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IACCM Americas Conference: Part I

March 3, 2011

‘Partnering for performance’ was the theme of the 2011 IACCM Americas conference. And speaker after speaker confirmed the importance of contracting to overall business results – and the value that can be gained from greater collaboration.

A number of presenters highlighted the annual IACCM study of the ‘most negotiated terms’ and the terms that negotiators believe would deliver value. In the words of Craig Silliman, General Counsel at Verizon, “We don’t negotiate the things we see as important > There is a misalignment between what we do and what is important. Why is that?’

Jon Hughes, from Vantage Partners, spelled out some of the costs of adversarial negotiations. For buyers, these include likely loss of expected innovation, scope changes that lead to additional costs, higher probability of project delays or off-contract purchasing and increased quality problems.

In the opening presentation, Tim Cummins, IACCM CEO, suggested that contracts and legal staff must focus on improved risk management. This is one of the top issues on the CEO agenda and, Tim suggested, key to their demands for more creativity and less bureaucracy. He advocated that we stop worrying so much about reforming attitudes to the traditional ‘top ten’ negotiated terms, and concentrate instead on reducing the probability of bad things occurring. That could be achieved through the governance and management terms such as scope and goals, change management, communications and reporting and service levels. Tim stated that IACCM will continue its focus on researching and promoting ‘good practice’ in the construction and drafting of provisions in this area.

Kate Vitasek presented a lively counter-point in a debate over service level management. A presentation led by Claude Marais, from TPI and featuring the CIO of Walgreen’s advocated rigorous measurement s and monitoring, which could yield ‘millions of dollars a year’ in savings and credits. While acknowledging the validity of this approach, Kate suggested that it was reflective of a contracting mentality where ‘ we acquire transactions, rather than outcomes’. She advocated an approach based on objectives and value, rather than micro-management. Research at the University of Tennessee has shown such methods to bring far greater success and business contribution.

In my next posts, I will highlight some of the other major themes to come from the event.

If you like the sound of this event, don’t despair! The IACCM EMEA Conference will take place in AMsterdam in May and feature a number of the same speakers and many of the same themes. Visit for details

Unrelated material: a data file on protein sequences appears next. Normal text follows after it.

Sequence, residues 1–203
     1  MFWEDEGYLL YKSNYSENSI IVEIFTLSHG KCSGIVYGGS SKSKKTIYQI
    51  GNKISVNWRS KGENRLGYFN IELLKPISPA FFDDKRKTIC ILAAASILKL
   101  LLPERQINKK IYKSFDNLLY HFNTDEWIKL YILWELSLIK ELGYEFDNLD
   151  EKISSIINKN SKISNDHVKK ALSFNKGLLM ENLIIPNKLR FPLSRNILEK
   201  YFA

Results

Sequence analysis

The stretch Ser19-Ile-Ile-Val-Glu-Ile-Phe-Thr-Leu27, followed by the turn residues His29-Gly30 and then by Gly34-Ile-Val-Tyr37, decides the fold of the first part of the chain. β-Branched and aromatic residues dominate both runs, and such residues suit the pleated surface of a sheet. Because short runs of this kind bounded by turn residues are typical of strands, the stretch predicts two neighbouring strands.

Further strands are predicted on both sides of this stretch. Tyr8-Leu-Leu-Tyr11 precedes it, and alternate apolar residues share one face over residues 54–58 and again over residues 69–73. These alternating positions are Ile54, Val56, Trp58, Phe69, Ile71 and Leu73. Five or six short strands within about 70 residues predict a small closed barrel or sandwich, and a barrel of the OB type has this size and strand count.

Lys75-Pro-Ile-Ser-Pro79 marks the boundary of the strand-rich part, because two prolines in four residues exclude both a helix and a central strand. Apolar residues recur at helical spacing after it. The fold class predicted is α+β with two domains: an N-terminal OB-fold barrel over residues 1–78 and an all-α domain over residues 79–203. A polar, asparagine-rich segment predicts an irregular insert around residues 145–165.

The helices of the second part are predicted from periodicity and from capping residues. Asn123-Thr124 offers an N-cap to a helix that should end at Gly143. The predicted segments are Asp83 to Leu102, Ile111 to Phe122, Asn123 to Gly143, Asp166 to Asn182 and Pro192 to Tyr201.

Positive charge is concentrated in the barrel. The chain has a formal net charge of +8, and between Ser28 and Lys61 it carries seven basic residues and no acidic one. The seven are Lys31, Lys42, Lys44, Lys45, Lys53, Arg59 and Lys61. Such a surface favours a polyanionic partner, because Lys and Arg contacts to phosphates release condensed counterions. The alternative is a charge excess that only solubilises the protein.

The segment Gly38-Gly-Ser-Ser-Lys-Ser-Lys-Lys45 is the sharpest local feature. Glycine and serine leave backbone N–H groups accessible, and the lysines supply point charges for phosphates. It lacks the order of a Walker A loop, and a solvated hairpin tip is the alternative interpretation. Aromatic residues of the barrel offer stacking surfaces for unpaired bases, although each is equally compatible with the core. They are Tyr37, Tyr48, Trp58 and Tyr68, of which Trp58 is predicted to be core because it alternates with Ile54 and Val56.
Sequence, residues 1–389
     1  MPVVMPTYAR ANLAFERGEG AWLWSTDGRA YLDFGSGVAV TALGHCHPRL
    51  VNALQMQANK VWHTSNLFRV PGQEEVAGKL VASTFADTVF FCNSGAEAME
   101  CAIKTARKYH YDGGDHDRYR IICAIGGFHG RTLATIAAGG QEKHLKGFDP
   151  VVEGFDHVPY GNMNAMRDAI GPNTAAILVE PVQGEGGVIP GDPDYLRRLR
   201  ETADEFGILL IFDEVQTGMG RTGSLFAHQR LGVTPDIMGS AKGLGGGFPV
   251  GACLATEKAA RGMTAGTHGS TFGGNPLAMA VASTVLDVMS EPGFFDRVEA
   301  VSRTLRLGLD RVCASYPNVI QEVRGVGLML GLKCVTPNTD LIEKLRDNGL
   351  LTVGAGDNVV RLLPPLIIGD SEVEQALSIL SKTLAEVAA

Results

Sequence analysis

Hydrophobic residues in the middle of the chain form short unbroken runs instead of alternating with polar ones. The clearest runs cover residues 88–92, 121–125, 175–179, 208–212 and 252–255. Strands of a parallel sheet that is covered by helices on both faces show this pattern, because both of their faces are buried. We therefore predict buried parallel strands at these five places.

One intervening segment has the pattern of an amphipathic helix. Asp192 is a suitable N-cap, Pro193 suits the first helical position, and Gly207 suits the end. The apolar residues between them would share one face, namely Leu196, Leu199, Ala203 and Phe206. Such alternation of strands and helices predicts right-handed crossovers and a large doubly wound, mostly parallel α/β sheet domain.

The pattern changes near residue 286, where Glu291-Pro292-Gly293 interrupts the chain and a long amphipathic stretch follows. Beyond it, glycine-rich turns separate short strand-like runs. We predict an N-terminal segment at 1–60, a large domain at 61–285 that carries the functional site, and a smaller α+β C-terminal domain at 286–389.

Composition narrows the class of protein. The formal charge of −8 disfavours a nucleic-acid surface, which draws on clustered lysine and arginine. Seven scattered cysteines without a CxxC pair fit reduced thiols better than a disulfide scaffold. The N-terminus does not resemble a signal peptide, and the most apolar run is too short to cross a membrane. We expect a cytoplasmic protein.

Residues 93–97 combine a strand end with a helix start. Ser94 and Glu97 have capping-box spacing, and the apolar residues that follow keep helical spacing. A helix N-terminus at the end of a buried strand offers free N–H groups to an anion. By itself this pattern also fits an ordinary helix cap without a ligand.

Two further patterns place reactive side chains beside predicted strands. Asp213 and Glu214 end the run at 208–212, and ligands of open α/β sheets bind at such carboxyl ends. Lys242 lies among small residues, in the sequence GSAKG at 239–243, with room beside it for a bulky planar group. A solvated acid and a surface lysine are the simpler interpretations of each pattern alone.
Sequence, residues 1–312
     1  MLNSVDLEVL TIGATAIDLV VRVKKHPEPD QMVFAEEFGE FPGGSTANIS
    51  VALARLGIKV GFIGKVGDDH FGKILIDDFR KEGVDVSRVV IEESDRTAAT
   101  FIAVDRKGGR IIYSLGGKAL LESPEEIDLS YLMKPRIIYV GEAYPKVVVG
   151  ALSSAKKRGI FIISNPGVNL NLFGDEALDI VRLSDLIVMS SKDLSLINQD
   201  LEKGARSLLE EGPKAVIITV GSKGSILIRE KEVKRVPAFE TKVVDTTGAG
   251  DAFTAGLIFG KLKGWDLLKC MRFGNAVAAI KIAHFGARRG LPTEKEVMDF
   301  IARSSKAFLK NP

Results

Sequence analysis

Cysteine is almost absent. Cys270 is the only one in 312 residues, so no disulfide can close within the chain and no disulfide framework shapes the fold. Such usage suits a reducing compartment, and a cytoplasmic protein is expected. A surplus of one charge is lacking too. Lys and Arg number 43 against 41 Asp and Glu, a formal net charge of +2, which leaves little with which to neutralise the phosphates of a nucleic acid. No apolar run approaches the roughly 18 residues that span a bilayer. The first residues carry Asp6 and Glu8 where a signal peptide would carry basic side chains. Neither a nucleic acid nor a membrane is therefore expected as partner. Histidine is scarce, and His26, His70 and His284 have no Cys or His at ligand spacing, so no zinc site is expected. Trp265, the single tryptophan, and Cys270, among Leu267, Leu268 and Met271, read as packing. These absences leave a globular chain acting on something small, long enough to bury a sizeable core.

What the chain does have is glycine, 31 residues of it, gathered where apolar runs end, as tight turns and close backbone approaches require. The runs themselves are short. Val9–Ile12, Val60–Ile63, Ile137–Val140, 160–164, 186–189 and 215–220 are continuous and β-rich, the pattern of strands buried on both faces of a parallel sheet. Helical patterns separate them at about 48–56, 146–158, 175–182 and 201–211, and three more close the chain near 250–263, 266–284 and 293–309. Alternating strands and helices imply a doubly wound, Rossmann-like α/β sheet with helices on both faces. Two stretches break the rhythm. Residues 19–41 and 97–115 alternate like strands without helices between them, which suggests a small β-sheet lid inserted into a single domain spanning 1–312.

1. I had a nice conversation about this topic with Claude before Tim’s post. I think that there is still an enormous split in the contracting world and if Walgreens is buying transactions, they should measure transactions. If they are buying outcomes, they ought to measure outcomes. Measuring outcomes is different than measuring transactions. To suppose that there is a one size fits all approach to monitoring and measuring performance is naïve.

    • Jeanette, I tend to agree with you. In practical terms, companies must decide how much and what type of investment to make in their various relationships. They must also make an honest appraisal of what they can really expect from the other side. For example, while suppliers may complain about micro-management and the impact on outcomes, in truth they often are not willing to invest in a more strategic or innovative relationship. And if they really do not like to be micro-managed in the way Claude outlined, they should improve the reliability and accuracy of their overall performance. Hiring TPI is not cheap; Walgreens and others only do this because they get a substantial ROI from uncovering supplier failures. And as they indicated, this is not just because of service level failures. Most of the ‘savings’ came from incorrect invoices, falsely claimed activities, duplicate charges etc. So even if I am buying outcomes, it seems it is probably still necessary to validate these fundamental issues of supplier competence.

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